maandag 29 februari 2016

Capital flight from Africa and the tax-evasion industry

BoekWorc is preparing a discussion on illicit financial flows from Africa, based on three papers:
  • “Business among friends”, an Oxfam paper published in 2014, argues for implementation and improvements of the OECD action plan on base erosion and profit sharing. Kofi Annan said in 2013 :”Africa loses twice as much money through tax loopholes as it gets from donors”. The paper indicates how money flows out through transfer pricing in Bangladesh and Peru. It shows the effect of the VAT exemption in Niger. It states that “The interminable pursuit of short-term profit maximization through corporate tax dodging is now an integral component of companies’ growth and profit strategies. Although such practices are highly questionable from an ethical standpoint, they are often not illegal”.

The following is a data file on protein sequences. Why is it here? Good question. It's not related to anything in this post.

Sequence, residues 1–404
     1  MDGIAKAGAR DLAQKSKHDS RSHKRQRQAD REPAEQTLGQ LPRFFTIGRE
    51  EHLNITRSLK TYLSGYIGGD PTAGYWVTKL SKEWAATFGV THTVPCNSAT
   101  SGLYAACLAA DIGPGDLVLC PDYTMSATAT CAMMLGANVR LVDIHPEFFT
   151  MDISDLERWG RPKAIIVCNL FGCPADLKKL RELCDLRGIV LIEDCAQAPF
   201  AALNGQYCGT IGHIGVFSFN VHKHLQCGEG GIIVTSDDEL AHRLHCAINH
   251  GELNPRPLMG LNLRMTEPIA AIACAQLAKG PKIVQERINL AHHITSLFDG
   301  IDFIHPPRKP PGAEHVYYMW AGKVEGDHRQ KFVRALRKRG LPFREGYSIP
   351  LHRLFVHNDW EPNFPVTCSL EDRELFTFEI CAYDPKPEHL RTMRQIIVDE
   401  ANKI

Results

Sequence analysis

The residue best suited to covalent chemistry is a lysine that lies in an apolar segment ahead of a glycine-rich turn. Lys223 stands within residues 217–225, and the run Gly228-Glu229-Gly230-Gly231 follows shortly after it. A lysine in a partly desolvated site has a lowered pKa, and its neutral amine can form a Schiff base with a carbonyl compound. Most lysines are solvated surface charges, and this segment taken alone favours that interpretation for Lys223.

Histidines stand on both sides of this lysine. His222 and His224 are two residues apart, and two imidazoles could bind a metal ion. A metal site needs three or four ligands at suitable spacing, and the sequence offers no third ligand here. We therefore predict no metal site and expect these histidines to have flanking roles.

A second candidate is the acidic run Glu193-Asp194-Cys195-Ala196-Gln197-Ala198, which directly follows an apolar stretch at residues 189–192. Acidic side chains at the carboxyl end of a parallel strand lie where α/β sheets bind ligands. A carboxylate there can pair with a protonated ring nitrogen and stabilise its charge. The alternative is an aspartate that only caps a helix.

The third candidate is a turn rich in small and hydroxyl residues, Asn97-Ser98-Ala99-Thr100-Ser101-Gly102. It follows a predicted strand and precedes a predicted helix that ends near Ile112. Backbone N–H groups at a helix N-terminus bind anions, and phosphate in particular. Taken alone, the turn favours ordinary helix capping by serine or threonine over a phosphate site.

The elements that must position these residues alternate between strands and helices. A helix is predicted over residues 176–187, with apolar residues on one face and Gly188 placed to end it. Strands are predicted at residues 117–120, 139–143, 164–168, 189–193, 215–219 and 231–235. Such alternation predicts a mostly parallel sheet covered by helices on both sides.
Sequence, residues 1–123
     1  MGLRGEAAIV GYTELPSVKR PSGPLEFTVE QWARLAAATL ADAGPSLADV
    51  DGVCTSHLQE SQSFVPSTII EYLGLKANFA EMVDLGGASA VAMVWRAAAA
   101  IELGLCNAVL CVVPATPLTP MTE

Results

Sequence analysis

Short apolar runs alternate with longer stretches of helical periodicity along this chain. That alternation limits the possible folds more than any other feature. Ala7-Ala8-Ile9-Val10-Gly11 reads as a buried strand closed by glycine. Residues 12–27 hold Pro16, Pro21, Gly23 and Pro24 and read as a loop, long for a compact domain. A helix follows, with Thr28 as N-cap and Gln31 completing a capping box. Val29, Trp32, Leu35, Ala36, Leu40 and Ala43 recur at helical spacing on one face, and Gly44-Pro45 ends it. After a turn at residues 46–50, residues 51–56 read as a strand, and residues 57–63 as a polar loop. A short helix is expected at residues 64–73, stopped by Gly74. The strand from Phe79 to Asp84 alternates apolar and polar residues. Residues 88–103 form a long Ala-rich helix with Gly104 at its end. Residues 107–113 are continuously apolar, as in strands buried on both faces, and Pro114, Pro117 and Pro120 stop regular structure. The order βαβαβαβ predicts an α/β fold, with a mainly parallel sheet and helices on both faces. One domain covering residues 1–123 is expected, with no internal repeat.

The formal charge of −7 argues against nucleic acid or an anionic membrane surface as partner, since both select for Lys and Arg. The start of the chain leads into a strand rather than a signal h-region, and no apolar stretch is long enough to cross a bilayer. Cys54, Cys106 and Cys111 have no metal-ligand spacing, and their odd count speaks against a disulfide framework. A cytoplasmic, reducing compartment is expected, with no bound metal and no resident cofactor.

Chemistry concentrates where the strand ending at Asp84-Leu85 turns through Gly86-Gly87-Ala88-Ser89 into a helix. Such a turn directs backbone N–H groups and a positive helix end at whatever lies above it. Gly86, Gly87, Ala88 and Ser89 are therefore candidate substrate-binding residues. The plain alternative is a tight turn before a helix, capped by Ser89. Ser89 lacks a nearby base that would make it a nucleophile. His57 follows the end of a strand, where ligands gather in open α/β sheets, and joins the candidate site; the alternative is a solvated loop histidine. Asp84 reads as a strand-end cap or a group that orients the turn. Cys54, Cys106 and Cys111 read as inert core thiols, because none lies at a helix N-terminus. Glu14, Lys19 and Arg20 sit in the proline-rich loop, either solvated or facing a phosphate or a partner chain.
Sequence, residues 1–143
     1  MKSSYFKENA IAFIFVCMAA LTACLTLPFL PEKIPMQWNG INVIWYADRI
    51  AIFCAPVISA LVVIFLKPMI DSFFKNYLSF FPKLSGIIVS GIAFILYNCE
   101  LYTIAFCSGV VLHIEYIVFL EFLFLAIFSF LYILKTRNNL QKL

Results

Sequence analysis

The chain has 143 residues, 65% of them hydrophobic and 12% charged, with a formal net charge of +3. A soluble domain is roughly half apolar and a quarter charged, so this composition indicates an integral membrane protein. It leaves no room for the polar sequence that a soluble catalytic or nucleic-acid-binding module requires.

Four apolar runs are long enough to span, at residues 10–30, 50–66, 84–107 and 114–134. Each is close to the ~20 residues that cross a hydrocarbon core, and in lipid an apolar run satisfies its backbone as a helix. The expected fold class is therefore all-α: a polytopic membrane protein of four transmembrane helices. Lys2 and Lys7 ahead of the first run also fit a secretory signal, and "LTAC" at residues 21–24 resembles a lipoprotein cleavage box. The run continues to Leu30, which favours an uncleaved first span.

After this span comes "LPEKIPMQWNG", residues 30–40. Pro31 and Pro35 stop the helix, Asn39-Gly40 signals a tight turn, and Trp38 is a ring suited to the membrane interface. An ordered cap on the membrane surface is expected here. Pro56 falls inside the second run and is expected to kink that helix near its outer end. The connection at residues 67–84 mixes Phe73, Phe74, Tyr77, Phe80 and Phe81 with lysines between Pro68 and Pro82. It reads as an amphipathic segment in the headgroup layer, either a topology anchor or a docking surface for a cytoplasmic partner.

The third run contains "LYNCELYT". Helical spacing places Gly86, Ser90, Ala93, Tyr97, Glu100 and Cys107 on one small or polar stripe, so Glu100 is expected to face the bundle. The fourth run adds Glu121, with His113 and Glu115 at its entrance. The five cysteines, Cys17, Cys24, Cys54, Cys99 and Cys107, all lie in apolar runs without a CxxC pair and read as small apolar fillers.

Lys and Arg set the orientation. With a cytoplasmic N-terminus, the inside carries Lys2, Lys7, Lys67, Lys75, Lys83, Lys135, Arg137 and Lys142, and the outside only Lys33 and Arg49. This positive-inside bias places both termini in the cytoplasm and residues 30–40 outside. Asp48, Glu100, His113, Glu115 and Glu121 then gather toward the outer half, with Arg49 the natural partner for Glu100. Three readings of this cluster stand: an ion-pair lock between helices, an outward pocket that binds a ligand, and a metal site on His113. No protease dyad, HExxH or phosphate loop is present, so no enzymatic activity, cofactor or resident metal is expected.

• “Illicit financial flows from Africa”, a paper by the Global Financial Integrity group, estimates the huge burden of illicit earned money, stolen assets, trade misinvoicing and drug money that leaves Africa. Similar findings are published in the book “Capital flight from Africa” by Ajayi and Ndikumana (Oxford, 2015). Strategies to address the problem of capital flight are included. 
  • “Tax us if you can” by the Tax Justice Network discusses the activities of the tax avoidance industry. It analyses the behaviour of tax administrations and the behaviour of the main players in the tax avoidance game: lawyers, accountants, secrecy jurisdictions, banks. Management fees are discussed. The behaviour of SAB Miller, the multinational brewer, is especially analysed. The paper pleads for tax assistance to very poor countries. 
 Blogpost by Karel van Hoestenberghe

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